Happy Valley (DVD Review)16 Apr, 2015 By: John Latchem
Box Office $0.02 million
Director Amir Bar-Lev’s engrossing documentary Happy Valley takes a nuanced look at the scandal surrounding former Penn State assistant football coach Jerry Sandusky. Concurrent with Sandusky’s conviction for child molestation, Penn State head coach Joe Paterno was fired and the NCAA levied heavy sanctions against the university, including vacating 111 football victories dating back to 1998, when Paterno supposedly first learned Sandusky was being investigated for abuse.
The case set off a firestorm of controversy about the degree to which university officials looked the other way rather than taking actions that could have stopped Sandusky from victimizing more young boys.
Happy Valley demonstrates there are no easy answers, as it gives voice to rational perspectives from many sides of the issue, from Paterno’s family, to Sandusky’s adopted son, to journalists and local officials.
Those who agree with the NCAA sanctions argue the school was caught up in an obsession with football that valued Sandusky’s role in the program ahead of stopping any of his illicit activities.
Paterno’s supporters, on the other hand, point to the school’s phenomenal graduation rate among the football program cuts into the theory the school was all about winning at all costs. Instead, they say Paterno followed the rules and that Penn State was simply being punished by the NCAA for being too successful. Paterno’s supporters labeled the NCAA as hypocrites for its insane profits off the type of football culture it’s denouncing in the Penn State case.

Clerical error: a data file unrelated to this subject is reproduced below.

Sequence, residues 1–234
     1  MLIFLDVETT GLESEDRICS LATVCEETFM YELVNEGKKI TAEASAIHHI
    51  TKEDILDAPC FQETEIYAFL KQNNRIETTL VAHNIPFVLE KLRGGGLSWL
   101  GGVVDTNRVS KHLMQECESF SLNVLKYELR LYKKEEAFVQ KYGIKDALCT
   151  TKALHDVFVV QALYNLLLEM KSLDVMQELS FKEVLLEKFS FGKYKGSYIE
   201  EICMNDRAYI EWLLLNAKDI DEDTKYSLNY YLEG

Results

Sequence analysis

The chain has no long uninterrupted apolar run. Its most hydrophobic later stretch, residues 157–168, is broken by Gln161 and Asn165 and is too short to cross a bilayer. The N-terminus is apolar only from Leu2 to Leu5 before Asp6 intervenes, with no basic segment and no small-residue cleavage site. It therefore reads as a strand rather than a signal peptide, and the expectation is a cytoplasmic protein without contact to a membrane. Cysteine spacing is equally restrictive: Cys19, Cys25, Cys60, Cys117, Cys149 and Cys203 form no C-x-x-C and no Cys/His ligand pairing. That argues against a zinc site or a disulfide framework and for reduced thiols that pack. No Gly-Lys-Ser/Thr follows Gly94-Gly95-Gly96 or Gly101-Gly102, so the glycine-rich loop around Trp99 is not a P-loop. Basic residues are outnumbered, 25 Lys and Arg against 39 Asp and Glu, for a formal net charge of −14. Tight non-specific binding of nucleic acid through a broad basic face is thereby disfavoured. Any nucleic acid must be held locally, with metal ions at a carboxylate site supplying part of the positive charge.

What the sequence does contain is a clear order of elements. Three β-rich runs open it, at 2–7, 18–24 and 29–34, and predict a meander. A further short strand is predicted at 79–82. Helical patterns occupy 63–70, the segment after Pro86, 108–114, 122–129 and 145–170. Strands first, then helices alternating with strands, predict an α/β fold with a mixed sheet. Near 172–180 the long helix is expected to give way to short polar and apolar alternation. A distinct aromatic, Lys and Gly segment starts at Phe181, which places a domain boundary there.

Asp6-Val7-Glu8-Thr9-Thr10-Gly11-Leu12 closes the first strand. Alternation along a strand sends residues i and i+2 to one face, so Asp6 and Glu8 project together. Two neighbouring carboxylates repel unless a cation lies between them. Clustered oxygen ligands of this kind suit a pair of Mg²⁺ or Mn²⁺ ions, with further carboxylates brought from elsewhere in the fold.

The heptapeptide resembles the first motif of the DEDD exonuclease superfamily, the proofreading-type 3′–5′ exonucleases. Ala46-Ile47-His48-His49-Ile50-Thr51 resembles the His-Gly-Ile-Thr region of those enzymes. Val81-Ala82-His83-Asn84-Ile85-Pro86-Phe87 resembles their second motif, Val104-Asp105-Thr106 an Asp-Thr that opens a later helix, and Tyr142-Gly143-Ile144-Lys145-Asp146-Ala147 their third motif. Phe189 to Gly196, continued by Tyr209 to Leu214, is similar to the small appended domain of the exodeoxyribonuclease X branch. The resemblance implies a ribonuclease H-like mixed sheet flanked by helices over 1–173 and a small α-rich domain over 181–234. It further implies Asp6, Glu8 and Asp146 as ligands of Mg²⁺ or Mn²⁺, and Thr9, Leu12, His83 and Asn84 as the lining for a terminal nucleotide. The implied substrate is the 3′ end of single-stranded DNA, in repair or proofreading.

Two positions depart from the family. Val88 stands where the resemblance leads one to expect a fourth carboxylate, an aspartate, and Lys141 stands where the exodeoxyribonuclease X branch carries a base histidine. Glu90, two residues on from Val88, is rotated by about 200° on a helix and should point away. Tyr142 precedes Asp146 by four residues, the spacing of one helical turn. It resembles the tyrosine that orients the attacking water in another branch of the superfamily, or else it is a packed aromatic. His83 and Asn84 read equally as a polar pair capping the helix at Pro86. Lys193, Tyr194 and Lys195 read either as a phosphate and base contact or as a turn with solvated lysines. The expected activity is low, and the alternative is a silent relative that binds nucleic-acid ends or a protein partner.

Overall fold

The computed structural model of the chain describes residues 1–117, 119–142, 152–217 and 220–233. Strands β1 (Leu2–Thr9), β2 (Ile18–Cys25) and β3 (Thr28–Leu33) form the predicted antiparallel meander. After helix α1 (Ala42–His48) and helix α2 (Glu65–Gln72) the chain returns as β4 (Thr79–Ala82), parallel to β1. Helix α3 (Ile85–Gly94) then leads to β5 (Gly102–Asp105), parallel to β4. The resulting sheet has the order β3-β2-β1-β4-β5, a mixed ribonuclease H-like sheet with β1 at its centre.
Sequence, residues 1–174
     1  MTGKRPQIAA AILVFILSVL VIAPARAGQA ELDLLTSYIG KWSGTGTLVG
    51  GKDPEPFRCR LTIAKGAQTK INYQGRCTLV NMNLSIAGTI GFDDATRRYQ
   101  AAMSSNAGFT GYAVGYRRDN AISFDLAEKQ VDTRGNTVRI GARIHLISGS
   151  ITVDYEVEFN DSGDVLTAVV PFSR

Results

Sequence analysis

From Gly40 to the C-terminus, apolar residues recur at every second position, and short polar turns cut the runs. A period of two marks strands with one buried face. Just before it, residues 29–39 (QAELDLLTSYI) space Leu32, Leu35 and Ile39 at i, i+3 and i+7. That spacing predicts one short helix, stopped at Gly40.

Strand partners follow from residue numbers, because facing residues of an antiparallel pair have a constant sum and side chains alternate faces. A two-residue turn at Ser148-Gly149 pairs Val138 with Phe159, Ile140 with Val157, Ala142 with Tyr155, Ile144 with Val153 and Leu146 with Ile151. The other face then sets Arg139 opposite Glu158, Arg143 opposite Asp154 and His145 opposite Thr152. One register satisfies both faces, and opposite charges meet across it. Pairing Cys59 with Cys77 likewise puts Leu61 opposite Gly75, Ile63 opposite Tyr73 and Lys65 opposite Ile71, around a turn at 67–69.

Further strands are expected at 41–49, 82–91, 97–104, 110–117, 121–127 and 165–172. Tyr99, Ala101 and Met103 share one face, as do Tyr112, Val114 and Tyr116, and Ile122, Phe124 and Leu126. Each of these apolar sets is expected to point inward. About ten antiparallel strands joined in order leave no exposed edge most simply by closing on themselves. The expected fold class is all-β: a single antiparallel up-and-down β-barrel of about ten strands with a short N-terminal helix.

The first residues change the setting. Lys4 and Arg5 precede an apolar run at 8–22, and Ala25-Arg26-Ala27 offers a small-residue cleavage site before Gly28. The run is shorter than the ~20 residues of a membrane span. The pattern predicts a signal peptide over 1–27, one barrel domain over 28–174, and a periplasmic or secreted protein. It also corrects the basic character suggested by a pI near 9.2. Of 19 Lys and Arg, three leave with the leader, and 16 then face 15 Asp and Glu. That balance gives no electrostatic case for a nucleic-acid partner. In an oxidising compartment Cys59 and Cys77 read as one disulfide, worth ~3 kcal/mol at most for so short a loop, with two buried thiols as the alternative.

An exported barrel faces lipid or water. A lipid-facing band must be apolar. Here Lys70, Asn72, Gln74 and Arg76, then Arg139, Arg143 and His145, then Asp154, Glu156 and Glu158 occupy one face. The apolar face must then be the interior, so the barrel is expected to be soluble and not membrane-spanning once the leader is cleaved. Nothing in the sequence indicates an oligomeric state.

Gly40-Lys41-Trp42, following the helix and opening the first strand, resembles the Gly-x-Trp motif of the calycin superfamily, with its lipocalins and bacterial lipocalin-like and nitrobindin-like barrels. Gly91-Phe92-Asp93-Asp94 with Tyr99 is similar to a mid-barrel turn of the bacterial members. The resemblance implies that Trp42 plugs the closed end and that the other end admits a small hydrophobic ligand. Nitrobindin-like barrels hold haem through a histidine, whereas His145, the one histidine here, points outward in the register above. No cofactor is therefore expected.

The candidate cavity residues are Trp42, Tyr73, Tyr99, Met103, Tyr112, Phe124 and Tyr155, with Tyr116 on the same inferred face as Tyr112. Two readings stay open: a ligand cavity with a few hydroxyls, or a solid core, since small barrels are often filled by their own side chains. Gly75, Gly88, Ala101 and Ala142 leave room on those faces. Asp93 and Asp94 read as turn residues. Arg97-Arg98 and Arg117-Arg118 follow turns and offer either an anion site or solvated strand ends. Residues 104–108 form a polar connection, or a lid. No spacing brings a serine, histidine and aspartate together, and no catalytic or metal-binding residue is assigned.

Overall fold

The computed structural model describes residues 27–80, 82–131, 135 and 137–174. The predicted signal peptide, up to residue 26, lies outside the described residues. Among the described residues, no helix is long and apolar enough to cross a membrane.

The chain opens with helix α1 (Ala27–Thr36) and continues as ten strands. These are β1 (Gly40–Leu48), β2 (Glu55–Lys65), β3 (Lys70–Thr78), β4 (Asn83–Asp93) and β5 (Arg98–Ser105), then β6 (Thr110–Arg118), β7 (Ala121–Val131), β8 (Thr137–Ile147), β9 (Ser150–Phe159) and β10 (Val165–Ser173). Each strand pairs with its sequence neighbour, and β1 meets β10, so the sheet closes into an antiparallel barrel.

Certainly, the removal of Paterno’s wins did little to help Sandusky’s victims and seemed more like an attempt to whitewash history in order to gloss over any association with the events in question (the victories were restored earlier this year after a negotiated settlement between Penn State and the NCAA, once again making Paterno the winningest coach in college football).
The documentary isn’t seeking any definitive answers, but leaves the facts on the table for viewers to decide for themselves. In a broader sense, the film explores the ways hero worship can overcome one’s sense of reality.
The shifting perspectives are perhaps best symbolized by a local mural depicting major figures from Penn State history, whose artist quickly paints over Sandusky’s image and waffles over painting a halo over Paterno after his death in 2012. In another enlightening passage, an anti-Paterno protestor interrupts those attempting to take a photo at Paterno’s statue, which eventually was removed.
The DVD also includes a 21-minute radio interview with the director about his goals for the film.